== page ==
Our next object, from our special CREWS-themed display at the Fitzwilliam Museum, has a privileged position in the Cypriot gallery: standing in its own cabinet in the centre of the room. At first glance, you wouldn’t guess why this Cypriot statuette is included in an exhibition about writing, but if you move around it, you may see that it has some scratches on the back side.
Although it would seem that these are random damage to the stone, they conceal a votive inscription written in the Greek alphabet. This is the perfect excuse to talk about the presence of the Greek alphabet in Cyprus and also about how epigraphists work with problematic inscriptions like this one to untangle the text behind them.
We have mentioned in previous posts (e.g. HERE and HERE) that Cyprus had its own syllabic writing systems for writing the Greek language. These scripts were in use at least until the 3rd century BC. However, we do have sporadic samples of Greek alphabetic writing in Cyprus from the 6th century already. Although at first these may just be the result of occasional contact with other Greek speaking populations, we can see how in the 3rd century alphabetic Greek has completely taken over the Cypriot syllabaries. This was mainly caused by the inclusion of the island within the Hellenistic Ptolemaic kingdom, which used the Greek alphabet as its main vehicle of written communication.
The inscription covers a large part of the figurine’s back, from his shoulders downwards. But photos do not show up the inscription very well, and it is still very difficult with the naked eye unless special techniques are used.
The specific inscription that we are dealing with here was made at some point in the 3rd century BC and it is a dedication to Opaon Melanthios, the Cypriot god of rural life and fertility. The name of this god is actually the only point of agreement in the different interpretations of this text. In 1888 Gardner read:
Years later, Mitford published a different reading:
And the most recent publication of the inscription includes the reading made by John Chadwick, the scholar who is also famous for his collaborative work with Michael Ventris in deciphering Linear B. He read:
Ὁπάονι / Μελαν[θίω] / υπερ / προτο / κτίστου
Unfortunately, we cannot assess here which is the correct or the closest reading to the original text right now. In order to do that, we would need to perform a closer hands-on study of the inscription. One of the first methods that we could use to recognise the writing is by using a light – preferably one designed specially for such purposes, like the one we used on the Idalion Bilingual (see Pippa’s post and the image to the right).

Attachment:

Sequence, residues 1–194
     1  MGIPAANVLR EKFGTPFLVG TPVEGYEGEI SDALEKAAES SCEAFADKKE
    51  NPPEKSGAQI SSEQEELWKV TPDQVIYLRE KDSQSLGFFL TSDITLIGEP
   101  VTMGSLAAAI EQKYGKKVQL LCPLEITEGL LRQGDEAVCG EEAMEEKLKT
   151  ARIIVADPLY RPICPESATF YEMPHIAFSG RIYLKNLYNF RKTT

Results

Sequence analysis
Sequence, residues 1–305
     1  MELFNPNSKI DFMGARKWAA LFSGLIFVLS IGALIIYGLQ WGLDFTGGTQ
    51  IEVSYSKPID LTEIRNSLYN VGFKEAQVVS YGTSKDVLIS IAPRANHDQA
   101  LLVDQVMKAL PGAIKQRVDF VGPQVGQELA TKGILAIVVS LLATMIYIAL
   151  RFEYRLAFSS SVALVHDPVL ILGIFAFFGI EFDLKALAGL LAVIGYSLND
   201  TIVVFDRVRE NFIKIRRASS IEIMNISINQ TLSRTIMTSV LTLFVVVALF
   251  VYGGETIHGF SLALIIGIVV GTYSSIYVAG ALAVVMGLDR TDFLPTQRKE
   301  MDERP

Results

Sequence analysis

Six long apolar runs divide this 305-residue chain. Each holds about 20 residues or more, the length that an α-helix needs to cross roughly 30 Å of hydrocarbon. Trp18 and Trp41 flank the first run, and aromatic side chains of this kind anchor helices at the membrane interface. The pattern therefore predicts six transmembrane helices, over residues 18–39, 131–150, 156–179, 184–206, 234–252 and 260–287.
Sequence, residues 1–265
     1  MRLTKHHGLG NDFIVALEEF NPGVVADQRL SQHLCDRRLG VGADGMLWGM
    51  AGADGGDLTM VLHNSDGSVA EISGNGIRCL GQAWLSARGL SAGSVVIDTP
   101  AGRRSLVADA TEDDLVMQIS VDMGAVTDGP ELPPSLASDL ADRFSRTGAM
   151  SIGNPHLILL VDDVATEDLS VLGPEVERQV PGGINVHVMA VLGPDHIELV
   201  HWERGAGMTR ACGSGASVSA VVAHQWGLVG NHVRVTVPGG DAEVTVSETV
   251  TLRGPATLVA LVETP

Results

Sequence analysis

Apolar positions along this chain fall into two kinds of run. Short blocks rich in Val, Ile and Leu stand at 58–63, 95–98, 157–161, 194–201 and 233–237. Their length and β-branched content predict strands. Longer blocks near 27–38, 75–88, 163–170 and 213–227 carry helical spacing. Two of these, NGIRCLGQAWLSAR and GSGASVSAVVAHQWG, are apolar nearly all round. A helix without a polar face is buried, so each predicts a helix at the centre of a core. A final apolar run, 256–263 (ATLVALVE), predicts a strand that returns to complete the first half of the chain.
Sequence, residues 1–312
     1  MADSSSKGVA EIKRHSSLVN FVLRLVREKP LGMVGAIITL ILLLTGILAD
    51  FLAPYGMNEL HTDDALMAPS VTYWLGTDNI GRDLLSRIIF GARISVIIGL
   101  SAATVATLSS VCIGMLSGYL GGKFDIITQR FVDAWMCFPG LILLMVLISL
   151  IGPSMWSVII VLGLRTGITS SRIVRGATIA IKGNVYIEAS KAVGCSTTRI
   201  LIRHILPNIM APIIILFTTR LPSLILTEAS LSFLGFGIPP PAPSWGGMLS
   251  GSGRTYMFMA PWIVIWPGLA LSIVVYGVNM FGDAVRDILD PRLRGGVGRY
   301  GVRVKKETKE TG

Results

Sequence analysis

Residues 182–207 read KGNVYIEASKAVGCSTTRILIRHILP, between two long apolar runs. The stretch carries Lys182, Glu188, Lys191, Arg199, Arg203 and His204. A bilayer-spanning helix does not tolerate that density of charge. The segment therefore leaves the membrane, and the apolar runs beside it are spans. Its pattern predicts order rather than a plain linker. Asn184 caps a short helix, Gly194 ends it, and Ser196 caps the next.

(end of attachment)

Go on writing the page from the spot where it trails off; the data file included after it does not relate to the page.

Changing the position of the light source can be an effective non-agressive method to allow a better differentiation between damage and writing strokes. See in the image below how a change in the light can make some of the lines more evident to the human eye:
(With apologies for the quality of the image, which is from an old publication.)
There is a second method that could be used, although with a higher probability of damaging the object: squeezes. This consists of the reproduction of the surface of the object on a special paper that becomes malleable when in contact with water. The paper is placed on the stone once wet and beaten until it has adapted to the shape of the stone. When it gets dry, the paper has turned into a 3D reproduction of the inscription that allows us to see the incisions more clearly. This also helps the epigraphist to make more accurate drawings of the inscription. Below you can see an example of a squeeze of a Greek alphabetic inscription from Caria, which is in the Bean Archive of the Cambridge Faculty of Classics. Having one of these drawings in the editions of our inscription would have helped us to decide on the different readings. Unfortunately, no squeeze seems to have been produced for this inscription, according to the publications.
Although reading inscriptions might seem difficult at times, there is a bright future in the epigraphic field thanks to 3D scanning. If epigraphists move towards this new technology, we will probably be able to read this and other problematic inscriptions through its scanned digital versions without damaging the object. Hopefully, it won’t take long until we start seeing this kind of interdisciplinary project where Classics and ground-breaking technologies meet, so as to make Greek epigraphy relevant and accessible to a wider audience.
~ Natalia Elvira Astoreca (PhD student on the CREWS project)